Sitting with her four-year-old daughter on her lap, Crystal Martin-Lepenskie had tears in her eyes as she watched Mary Simon become Canada’s 30th Governor General.
Simon, an Inuk born in Kangiqsualujjuaq in northern Quebec, took her oaths Monday morning at a ceremony in the Senate chamber in Ottawa. She is the first Indigenous and Inuk person in the role.
“I feel like this is true reconciliation, witnessing an Inuk who was born and raised traditionally, who experienced colonization, but who has also been very active throughout her career … I couldn’t believe I was witnessing that,” Martin-Lepenskie saidin an interview.
Martin-Lepenskie, originally from Sanirajak, Nunavut, and a former National Inuit Youth Council president, watched the ceremony from her home in Ontario.
“It proves that though every power was made to deplete our people, our culture and traditions, we remained resilient,” she said.
Martin-Lepenskie said she believes Simon’s appointment is only one step toward healing and reconciliation for Inuit and other Indigenous people in Canada.
“Seeing Indigenous peoples in these types of roles, I think is really the way to create change that is inclusive and diverse to our country,” she said.
“How are we going to make changes if we’re not in those types of roles? We have to experience discomfort in order to find what works better.”
A viewing party for Simon’s swearing-in also took place in Kuujjuaq, the northern Quebec community of about 2,700 people where she grew up.
But others question the timing of Simon’s appointment and what progress, if any, it will bring for Indigenous people in Canada.
In a Facebook post shared with The Canadian Press, Napatsi Folger, who is from Iqaluit, said although she celebrates Indigenous people succeeding and doesn’t doubt Simon is a good choice, her appointment comes at a difficult time.
“This move feels so much like posturing and like a disingenuous move to distract us from the important feelings of anger we still need to focus on,” she wrote.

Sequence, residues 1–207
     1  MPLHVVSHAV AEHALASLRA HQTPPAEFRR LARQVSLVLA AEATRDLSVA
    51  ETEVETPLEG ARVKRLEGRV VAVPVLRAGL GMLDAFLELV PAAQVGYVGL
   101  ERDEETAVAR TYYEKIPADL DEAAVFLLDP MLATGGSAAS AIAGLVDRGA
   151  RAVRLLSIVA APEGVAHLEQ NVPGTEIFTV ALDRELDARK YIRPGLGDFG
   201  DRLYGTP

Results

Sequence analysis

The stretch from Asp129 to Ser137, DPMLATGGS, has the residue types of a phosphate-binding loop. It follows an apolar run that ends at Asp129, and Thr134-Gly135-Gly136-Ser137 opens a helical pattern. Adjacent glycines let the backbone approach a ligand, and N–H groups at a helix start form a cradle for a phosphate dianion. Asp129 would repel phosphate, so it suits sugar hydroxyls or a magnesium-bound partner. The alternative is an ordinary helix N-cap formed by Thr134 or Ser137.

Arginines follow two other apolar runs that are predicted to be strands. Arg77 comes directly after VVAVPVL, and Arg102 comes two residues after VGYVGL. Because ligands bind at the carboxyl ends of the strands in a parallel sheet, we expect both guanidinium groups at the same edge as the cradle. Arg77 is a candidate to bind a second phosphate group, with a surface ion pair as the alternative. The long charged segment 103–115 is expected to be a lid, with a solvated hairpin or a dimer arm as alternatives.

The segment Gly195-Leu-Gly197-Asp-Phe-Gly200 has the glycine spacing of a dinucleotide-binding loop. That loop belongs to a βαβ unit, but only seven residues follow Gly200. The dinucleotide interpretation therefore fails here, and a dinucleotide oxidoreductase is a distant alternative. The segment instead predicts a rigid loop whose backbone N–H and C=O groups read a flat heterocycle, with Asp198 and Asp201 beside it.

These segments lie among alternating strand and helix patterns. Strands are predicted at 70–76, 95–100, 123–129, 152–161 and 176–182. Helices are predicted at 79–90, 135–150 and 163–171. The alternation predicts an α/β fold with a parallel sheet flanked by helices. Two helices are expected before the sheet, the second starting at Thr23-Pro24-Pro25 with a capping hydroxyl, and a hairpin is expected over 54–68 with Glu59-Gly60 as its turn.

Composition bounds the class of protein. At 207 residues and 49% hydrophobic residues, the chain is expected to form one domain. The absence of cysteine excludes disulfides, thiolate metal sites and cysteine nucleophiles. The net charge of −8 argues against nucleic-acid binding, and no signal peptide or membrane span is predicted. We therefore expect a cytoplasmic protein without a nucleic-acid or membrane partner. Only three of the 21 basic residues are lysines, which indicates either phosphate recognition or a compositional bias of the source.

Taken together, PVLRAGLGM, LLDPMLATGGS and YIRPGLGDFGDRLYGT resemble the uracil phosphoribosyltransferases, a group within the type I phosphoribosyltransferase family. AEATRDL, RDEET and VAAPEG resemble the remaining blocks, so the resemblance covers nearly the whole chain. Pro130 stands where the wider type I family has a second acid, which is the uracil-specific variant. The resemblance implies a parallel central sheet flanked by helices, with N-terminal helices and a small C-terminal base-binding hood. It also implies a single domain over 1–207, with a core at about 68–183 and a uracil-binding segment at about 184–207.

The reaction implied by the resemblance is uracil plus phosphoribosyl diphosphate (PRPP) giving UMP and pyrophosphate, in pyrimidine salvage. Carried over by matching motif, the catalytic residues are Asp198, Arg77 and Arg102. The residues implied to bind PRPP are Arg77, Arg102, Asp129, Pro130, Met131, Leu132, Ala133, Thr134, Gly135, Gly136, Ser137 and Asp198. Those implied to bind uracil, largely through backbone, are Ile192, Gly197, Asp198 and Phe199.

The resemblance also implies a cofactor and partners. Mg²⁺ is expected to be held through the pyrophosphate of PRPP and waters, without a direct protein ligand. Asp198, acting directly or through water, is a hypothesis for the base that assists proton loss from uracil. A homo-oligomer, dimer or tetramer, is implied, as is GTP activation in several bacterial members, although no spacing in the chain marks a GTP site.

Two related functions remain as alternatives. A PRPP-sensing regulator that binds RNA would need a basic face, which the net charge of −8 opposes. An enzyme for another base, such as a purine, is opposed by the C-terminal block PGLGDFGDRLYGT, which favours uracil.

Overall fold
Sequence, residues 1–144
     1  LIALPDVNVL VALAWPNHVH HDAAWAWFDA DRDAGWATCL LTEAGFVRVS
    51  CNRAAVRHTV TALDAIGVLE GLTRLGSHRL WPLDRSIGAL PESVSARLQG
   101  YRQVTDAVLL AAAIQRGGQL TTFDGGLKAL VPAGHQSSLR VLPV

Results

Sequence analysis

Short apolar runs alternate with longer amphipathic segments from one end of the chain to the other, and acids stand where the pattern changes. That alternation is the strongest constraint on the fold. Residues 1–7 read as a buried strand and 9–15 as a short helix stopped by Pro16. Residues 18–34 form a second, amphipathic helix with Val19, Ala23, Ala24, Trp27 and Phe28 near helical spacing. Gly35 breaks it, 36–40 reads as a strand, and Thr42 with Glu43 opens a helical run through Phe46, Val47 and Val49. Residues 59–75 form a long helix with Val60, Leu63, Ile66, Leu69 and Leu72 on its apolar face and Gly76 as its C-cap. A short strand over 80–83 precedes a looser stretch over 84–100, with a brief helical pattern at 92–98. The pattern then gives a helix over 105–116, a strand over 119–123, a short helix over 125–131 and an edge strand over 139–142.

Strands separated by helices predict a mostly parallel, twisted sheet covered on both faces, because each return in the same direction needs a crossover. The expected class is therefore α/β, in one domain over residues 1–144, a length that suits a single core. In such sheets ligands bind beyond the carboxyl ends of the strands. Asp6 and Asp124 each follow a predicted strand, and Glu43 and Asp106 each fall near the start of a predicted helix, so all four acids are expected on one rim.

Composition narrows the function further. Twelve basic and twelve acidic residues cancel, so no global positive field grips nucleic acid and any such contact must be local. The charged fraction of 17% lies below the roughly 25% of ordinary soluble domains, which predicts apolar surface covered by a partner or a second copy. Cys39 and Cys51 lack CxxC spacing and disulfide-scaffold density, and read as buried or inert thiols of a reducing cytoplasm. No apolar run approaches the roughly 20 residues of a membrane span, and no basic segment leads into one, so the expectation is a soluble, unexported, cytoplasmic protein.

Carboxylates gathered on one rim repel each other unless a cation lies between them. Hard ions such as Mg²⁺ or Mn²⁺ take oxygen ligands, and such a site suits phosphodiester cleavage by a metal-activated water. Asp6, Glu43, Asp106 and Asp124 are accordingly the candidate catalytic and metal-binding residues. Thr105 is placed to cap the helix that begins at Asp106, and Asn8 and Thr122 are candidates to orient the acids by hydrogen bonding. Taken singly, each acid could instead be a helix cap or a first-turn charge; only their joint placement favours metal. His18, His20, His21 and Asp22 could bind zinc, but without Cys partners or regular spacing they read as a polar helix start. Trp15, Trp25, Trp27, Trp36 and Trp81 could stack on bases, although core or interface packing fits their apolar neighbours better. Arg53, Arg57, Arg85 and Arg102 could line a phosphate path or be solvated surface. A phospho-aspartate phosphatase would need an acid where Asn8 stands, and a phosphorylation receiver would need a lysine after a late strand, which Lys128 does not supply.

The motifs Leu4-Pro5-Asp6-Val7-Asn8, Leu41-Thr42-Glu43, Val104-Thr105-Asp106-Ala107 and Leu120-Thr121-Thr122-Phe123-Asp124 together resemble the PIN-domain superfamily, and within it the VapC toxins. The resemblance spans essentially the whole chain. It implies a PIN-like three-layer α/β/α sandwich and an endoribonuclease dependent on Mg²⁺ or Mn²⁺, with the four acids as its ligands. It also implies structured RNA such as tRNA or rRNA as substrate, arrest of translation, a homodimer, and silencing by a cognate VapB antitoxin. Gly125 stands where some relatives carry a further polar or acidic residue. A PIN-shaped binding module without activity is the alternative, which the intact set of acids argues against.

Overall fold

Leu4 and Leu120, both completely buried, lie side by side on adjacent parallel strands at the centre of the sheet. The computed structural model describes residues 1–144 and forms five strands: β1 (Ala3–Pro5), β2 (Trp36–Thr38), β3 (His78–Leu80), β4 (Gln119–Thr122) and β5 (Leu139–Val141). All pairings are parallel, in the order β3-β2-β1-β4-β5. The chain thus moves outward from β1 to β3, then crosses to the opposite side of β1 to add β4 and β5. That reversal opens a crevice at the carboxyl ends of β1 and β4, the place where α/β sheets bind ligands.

Folger said she believes Canada is not doing enough for Indigenous people, citing the federal government’s promises on things like clean drinking water, health care and justice.
“How dare you try to pull the wool over our eyes using our own people as tokens of light while doing nothing to help manage the ongoing crises in our actual communities,” she wrote.
Paul Quassa, a former Nunavut premier and now the territory’s speaker of the legislative assembly, negotiated the Nunavut Land Claims Agreement alongside Mary Simon in the 1980s.
“As I watched this morning, I thought of all the Inuit that worked with her. All her community members, all the Inuit who have survived for thousands of years,” he said in an interview.
Quassa described Simon as a skilled negotiator with a “magic touch.”
“She has a very gentle soul.”
He said he hopes Simon’s appointment will be an opportunity for Canadians to learn about the first languages of Indigenous people throughout the country, including Simon’s and Quassa’s mother tongue of Inuktitut.
“They were the first languages before we were colonized here in Canada and I think it is high time that Canada and the federal government recognizes that,” said Quassa.
Our Morning Update and Evening Update newsletters are written by Globe editors, giving you a concise summary of the day’s most important headlines. Sign up today.
This content appears as provided to The Globe by the originating wire service. It has not been edited by Globe staff.